1911 Encyclopædia Britannica/Isyllus
ISYLLUS, a Greek poet, whose name was rediscovered in the course of excavations on the site of the temple of Asclepius at Epidaurus. An inscription was found engraved on stone, consisting of 72 lines of verse (trochaic tetrameters, hexameters, ionics), mainly in the Doric dialect. It is preceded by two lines of prose stating that the author was Isyllus, an Epidaurian, and that it was dedicated to Asclepius and Apollo of Malea. It contains a few political remarks, showing general sympathy with an aristocratic form of government; a self-congratulatory notice of the resolution, passed at the poet’s instigation, to arrange a solemn procession in honour of the two gods; a paean (no doubt for use in the procession), chiefly occupied with the genealogical relations of Apollo and Asclepius; a poem of thanks for the assistance rendered to Sparta by Asclepius against Philip, when he led an army against Sparta to put down the monarchy. The offer of assistance was made by the god himself to the youthful poet, who had entered the Asclepieum to pray for recovery from illness, and communicated the good news to the Spartans. The Philip referred to is identified with (a) Philip II. of Macedon, who invaded Peloponnesus after the battle of Chaeronea in 338, or (b) with Philip III., who undertook a similar campaign in 218.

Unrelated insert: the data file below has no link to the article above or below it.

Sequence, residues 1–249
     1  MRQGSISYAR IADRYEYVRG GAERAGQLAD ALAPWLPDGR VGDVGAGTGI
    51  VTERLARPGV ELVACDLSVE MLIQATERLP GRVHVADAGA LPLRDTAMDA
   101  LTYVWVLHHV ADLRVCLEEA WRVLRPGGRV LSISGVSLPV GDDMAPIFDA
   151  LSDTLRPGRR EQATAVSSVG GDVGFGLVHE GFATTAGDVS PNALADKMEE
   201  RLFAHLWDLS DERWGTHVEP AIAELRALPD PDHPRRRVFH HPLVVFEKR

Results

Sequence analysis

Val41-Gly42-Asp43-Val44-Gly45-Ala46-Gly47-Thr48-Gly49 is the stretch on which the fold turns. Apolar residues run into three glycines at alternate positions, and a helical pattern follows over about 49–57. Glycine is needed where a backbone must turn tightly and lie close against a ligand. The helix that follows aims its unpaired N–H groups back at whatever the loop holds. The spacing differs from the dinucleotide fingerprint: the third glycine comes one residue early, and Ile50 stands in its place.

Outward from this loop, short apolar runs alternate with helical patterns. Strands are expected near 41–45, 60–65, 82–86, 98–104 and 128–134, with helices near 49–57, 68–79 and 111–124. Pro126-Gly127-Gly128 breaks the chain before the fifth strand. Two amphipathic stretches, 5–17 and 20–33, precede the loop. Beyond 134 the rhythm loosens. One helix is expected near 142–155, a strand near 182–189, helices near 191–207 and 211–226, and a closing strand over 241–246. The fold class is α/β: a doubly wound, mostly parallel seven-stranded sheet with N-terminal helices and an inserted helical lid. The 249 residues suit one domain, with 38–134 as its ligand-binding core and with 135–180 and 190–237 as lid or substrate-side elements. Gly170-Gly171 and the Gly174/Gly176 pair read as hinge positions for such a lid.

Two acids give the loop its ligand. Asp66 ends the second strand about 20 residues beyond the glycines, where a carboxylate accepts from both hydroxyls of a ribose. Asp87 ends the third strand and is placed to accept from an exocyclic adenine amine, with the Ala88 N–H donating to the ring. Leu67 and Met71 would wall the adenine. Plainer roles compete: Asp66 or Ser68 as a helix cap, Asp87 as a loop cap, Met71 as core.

Wilamowitz-Möllendorff, who characterizes Isyllus as a “poetaster without talent and a farcical politician,” has written an elaborate treatise on him (Kiessling and Möllendorff, Philosophische Untersuchungen, Heft 9, 1886), containing the text with notes, and essays on the political condition of Peloponnesus and the cult of Asclepius. The inscription was first edited by P. Kavvadias (1885), and by J. F. Baunack in Studien auf dem Gebiete der griechischen und der arischen Sprachen (1886).